The 5 Most Common Mistakes When Panning For Retirement

By Jason Fittler

“Fail to plan is a plan to fail”… good advice given to me years ago. Advice, which I have always followed and which has served me well.

The fact is, most people fail to plan, and as they approach retirement, they make bad decisions in a rush to fix past mistakes.

The 5 Most Common Mistakes 

1. Not getting a second opinion on your superannuation. Just stick it into the employer fund or an industry fund. Your superfund might charge excessive fees, have limited investment and insurance choices or have no adviser to provide you with crucial information about how much and when to invest or how to best structure your investments.  

If you do not hear from your super fund then they are not looking after you.

2. Not having a plan. No financial plan means financial decisions are random, flavour of the month and generally lead to loss of money. While living for the moment and making decisions on the fly may feel good, a lifetime of doing so often results in insufficient savings and an overleveraged lifestyle. It could mean being destitute in retirement.

You can start by identifying where you would like to be financially in retirement and then set small goals. Baby steps.

3. Refusing to scale back. Empty nesters tend to ramp up their spending once the home is paid off and the kids have left. Instead of slowing down and saving, they spend more and save less. That's a mistake, as situations can change unexpectedly and you may not be able to work for another 5-10 years. By not making changes to your lifestyle now, you will likely find it more difficult to scale back your spending when you have no income and have no choice but to cut back.

You can trim back now without too much pain by eating out fewer times a week and socking that money away in savings.

4. Sacrificing your retirement to pay for the kid’s financial problems. Paying their way through University, buying them a car or giving them a house deposit. These activities will leave you short in retirement and reduce the time you have to save for retirement. It is natural to feel guilty about not being able to help your kids more, however, the best gift to your children is to secure your own retirement so you will not need to lean on them later on. You need to find some middle ground regards paying for your children’s lifestyle.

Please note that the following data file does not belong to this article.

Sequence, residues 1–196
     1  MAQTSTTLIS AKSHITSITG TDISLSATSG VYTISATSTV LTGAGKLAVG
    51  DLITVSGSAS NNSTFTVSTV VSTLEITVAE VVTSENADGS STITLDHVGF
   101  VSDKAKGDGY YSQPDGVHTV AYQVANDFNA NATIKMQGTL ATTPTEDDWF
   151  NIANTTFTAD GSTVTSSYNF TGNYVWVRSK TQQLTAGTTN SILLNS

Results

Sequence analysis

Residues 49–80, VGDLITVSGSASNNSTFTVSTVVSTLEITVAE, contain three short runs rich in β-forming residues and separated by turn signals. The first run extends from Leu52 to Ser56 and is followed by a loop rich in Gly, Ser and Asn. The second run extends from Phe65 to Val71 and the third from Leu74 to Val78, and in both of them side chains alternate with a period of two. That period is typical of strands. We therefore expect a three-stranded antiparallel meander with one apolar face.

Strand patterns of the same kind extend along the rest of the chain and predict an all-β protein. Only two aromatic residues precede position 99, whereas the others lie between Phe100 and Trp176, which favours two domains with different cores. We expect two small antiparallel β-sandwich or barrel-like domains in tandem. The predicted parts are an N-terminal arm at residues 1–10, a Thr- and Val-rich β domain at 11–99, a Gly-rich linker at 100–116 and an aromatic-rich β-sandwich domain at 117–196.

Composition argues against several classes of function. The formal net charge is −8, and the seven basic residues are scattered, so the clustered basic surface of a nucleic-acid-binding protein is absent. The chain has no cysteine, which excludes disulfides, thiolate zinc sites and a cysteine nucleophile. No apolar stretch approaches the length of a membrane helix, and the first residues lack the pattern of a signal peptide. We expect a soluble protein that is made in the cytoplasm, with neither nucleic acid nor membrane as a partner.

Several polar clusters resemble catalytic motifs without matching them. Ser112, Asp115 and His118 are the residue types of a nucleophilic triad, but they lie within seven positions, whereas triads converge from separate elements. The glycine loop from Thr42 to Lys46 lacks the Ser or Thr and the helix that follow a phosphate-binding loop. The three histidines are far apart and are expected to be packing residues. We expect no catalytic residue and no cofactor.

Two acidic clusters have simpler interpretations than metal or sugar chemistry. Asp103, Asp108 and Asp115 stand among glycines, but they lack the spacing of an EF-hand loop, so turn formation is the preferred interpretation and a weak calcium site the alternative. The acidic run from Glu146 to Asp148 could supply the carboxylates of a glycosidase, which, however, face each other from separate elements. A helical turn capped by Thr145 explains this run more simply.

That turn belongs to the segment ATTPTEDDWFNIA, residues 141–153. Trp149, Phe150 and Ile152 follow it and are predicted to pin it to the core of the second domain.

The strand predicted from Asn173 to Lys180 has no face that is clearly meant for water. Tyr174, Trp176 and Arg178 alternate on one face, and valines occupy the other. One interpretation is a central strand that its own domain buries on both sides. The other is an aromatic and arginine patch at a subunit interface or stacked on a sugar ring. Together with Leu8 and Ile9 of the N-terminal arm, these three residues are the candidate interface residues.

Children need to stand on their own two feet financially; best they start sooner rather than later.

5. Thinking you'll live forever. Many couples' retirement dreams "go up in smoke" when a spouse dies unexpectedly, with the surviving spouse forced to sell the family home, the kids change schools because the family was unprepared for the sudden death of a parent.

To avoid the "double shock" of grieving for a loved one and dealing with a new financial reality, buy term life insurance on both spouses, create wills, and make sure both spouses are informed and ready to make financial decisions in case one dies.

You know that you can buy this through your superannuation to help reduce the impact on your take household cash flow.

Plan to succeed. Take the time to review your financial affairs at least once a year.

Don’t just seek advice make sure you act on it as well.

Planning for retirement can only improve your life. 

For more information please contact us on 07 4771 4577.

Subscribe to Grow Your Wealth the FREE weekly financial newsletter.